If you were asked to describe Don Thompson, you’d have your work cut out for you. Is he a stained-glass artist, recording musician or wholesale baker?
The answer would likely be all three, and although his passions require plenty of dedication, he manages to find time for them all.
The glass artist
Take his stained-glass work. Thompson works only on commission and estimates he’s created 100-150 pieces during his career. Most recently, he shipped a 32-inch-by-22-inch stained-glass monarch butterfly that he had worked on for more than three years.
The piece, like all good art, has an interesting story behind it.
Thompson was driving home from the Door County Bakery, which he and his wife, Jean, own, when he jokingly asked God to “lend him” one of the many monarchs migrating through the neighborhood.
“I get out of the car, going to the house, and there’s a monarch on the flower next to the door with her wings folded,” Thompson said. “I picked her up, walked in and turned her loose, and she lived with us for six weeks.”
He fed her sugar water in a jar lid and observed her closely as she ate or hung out among the house plants. Thompson’s stained-glass monarch incorporated 151 pieces of glass, with no visible lead. The white spots on the black wings are made of 30-year-old German glass that’s enameled black over white. Careful sandblasting cuts through the black and reveals the small dots of white in the finished piece.
At 12-15 pounds, “it’s extremely delicate, but solid, secure,” he said. “And I made a walnut frame and a travel case.”
Some may think of a butterfly as an artistic cliché, but Thompson finds spiritual insight in his work.
“So everybody does butterflies. All right, but then to take it to a level where it becomes very spiritual. If you can spend 3,000 hours on this animal and tell me God doesn’t exist or that there isn’t any kind of intelligent design in the universe,” he said, trailing off.
Don and Jean Thompson have an overarching interest in inspiring creativity, so they’ve established the Walk On Arts Foundation on a property they purchased inside Newport State Park. Although they don’t intend to teach, they hope to sponsor the creative spirit.
In addition to Thompson’s art studio, the old barn on his property houses a professional-grade recording studio. He does initial recordings there, then works with Hans Christian at Studio 330 in Sturgeon Bay for the final mastering. Walk On, his third album after 1975’s Juniper, received an enthusiastic review by Jim Lundstrom in the pages of the Peninsula Pulse. Recording under the name Donaldo, Thompson has changed since the first album, Lundstrom said.
“The sensitive hippy has come out of those decades tough as leather and sounding more like a country outlaw than a hippy survivor,” he wrote.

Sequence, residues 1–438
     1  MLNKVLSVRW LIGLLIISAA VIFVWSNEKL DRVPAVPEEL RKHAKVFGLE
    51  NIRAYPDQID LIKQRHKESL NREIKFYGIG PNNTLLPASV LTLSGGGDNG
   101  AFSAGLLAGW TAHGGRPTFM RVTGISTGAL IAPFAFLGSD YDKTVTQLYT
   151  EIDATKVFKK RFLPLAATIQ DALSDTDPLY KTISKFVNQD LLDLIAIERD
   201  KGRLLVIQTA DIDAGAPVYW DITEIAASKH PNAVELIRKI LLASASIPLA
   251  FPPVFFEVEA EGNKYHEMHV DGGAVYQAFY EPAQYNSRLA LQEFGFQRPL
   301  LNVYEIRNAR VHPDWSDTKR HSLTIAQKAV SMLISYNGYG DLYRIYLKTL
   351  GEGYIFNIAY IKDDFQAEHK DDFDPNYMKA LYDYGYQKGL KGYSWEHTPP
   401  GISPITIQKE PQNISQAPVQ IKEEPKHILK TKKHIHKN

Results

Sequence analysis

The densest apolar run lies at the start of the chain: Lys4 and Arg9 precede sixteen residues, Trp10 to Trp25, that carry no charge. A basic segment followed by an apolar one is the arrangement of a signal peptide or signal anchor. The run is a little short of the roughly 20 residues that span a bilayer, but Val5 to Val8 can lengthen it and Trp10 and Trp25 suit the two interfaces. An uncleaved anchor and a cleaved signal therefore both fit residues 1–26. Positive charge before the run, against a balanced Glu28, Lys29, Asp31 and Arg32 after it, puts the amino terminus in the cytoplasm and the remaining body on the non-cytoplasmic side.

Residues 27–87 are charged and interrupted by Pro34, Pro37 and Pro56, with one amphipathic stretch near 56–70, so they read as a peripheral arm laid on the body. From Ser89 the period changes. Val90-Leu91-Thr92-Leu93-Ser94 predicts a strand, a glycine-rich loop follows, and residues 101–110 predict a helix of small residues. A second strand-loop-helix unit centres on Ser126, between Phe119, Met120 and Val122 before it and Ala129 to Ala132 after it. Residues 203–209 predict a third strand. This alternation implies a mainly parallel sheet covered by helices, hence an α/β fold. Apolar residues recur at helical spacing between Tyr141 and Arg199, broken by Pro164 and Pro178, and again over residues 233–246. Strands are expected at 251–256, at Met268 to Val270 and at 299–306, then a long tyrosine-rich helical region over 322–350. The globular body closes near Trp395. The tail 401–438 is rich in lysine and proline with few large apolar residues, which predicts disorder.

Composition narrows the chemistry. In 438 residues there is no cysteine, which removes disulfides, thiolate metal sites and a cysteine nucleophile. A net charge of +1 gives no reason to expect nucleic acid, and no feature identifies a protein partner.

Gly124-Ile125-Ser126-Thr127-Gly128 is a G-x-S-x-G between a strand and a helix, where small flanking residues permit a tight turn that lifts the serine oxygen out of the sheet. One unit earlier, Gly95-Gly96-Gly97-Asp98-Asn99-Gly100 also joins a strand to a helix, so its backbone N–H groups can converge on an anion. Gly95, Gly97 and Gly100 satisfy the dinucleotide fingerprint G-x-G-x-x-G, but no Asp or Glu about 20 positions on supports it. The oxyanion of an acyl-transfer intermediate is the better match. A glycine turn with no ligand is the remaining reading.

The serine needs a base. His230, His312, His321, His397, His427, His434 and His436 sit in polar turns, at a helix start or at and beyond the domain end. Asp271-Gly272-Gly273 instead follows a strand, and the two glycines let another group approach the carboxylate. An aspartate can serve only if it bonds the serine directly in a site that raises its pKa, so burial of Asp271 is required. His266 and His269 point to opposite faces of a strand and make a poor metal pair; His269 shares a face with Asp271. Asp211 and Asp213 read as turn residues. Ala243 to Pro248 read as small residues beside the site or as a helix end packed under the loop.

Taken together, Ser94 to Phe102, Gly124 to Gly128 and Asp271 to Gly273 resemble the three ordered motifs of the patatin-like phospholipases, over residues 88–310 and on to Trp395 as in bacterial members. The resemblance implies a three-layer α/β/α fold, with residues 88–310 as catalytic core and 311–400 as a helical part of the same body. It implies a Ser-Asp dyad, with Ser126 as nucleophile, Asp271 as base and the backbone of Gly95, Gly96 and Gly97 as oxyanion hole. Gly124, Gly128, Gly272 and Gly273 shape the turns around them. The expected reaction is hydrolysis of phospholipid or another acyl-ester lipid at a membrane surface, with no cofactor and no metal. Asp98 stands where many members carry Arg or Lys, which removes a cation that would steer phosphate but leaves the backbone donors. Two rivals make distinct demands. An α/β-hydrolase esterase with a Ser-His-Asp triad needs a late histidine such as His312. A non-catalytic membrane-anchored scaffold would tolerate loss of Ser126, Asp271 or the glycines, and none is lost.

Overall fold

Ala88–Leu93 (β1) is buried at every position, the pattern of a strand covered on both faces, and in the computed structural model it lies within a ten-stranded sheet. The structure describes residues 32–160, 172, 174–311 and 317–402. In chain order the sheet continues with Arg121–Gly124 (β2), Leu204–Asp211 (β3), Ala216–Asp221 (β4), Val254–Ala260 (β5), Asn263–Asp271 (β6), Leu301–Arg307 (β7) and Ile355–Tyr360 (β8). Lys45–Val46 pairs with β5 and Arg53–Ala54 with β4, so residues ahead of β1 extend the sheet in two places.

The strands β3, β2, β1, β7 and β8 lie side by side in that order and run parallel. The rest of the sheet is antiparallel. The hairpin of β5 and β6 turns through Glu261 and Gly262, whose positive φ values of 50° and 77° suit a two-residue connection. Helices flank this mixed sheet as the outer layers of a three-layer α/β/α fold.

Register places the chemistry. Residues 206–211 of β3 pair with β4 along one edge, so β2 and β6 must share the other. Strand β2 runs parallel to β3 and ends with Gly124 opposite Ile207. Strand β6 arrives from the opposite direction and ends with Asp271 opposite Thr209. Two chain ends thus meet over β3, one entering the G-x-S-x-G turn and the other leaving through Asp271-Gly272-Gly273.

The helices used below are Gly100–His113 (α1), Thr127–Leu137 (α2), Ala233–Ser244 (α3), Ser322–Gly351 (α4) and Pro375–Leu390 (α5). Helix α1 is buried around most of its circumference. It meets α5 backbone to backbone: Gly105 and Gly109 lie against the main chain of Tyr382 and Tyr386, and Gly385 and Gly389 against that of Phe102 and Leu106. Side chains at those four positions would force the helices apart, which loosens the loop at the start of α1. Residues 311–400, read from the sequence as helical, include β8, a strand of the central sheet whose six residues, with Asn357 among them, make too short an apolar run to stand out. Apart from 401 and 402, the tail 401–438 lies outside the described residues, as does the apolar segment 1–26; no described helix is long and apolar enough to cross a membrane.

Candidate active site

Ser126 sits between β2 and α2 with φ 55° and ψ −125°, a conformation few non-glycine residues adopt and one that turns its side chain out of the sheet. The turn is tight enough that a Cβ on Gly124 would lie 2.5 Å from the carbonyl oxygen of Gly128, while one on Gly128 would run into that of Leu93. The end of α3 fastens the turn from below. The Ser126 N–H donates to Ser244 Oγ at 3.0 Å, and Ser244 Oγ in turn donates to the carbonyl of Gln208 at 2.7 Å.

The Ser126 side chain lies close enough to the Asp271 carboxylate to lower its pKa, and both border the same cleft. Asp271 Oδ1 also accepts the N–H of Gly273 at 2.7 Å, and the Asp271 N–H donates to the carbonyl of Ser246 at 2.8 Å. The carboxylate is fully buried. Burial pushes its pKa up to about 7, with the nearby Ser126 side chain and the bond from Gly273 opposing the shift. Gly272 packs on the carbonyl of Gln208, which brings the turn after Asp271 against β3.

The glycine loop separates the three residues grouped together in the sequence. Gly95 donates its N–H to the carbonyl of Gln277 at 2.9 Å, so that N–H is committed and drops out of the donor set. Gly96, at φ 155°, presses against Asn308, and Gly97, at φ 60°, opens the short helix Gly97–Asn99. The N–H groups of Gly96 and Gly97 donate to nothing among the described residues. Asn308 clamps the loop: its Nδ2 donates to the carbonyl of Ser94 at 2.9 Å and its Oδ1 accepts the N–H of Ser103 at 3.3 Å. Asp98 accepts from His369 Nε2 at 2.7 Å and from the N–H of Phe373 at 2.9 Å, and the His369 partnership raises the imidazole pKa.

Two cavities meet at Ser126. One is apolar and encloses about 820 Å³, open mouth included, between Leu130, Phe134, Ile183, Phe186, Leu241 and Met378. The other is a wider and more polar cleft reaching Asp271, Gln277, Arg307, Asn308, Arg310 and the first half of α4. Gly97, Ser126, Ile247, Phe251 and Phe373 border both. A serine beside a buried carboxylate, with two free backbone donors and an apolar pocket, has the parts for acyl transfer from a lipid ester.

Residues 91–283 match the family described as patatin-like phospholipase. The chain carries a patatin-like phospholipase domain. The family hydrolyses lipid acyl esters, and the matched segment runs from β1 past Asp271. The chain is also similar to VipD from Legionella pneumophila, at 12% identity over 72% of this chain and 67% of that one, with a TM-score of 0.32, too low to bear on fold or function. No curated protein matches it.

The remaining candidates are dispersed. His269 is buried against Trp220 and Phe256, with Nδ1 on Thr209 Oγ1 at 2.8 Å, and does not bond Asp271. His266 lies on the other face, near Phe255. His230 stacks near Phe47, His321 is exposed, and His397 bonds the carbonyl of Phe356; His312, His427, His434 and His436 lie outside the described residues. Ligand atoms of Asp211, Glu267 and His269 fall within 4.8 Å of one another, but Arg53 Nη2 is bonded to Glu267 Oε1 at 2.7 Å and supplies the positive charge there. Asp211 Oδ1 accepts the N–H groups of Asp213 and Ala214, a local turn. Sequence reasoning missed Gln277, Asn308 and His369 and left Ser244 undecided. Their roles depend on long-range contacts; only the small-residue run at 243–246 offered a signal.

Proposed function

The album is available for purchase at Door County Bakery, which the Thompsons started 20 years ago.
Located on Highway 57 between Sister Bay and Baileys Harbor, the bakery is currently on restricted hours. A takeout window is open on Saturday mornings, but that might expand to two days later in the spring.
Mostly the bakery is operating as a wholesale business preparing Corsica breadsticks, or Stix: crisps made from the bakery’s trademarked Corsica Loaf, which is baked in an $80,000 stone-lined oven complete with a steamer to create the crust.
“We’re following a wholesale business model that I’ve been pursuing for 15 years,” Thompson said. The bread-based crisps are now sold in nearly 50 stores around the state, including Main Street Market in Egg Harbor, EconoFoods and Healthy Way in Sturgeon Bay.
So is he a glass artist, musician or baker? Thompson seems to be leaving it to the universe, and that has worked out pretty well so far – although the three pursuits do have some advantageous interplay.
“My music led me to my first commission,” Thompson said. “Here I am doing a performance in a lounge – I think it was in Burlington, Iowa – and this couple that would frequent my shows, I was having a drink with them, and they said they were building a home, and did I know anybody who could draw a stained-glass window?”
Thompson volunteered, and after a year, he had to have a tough conversation with himself.
“I’d better get serious about which I am doing,” he said. “Am I gonna produce music or produce glass? Then I decided after about a year of struggling with that question that I would just let the telephone tell me.”
He’s still answering calls for both.
“And in the interim comes the whole culinary aspect of our lives and the Corsica brand, but it all ties into the creative spirit,” Thompson said. Right now he’s working on a jingle for the Door County Bakery.
“It’s an unbelievably intertwined matrix,” he said.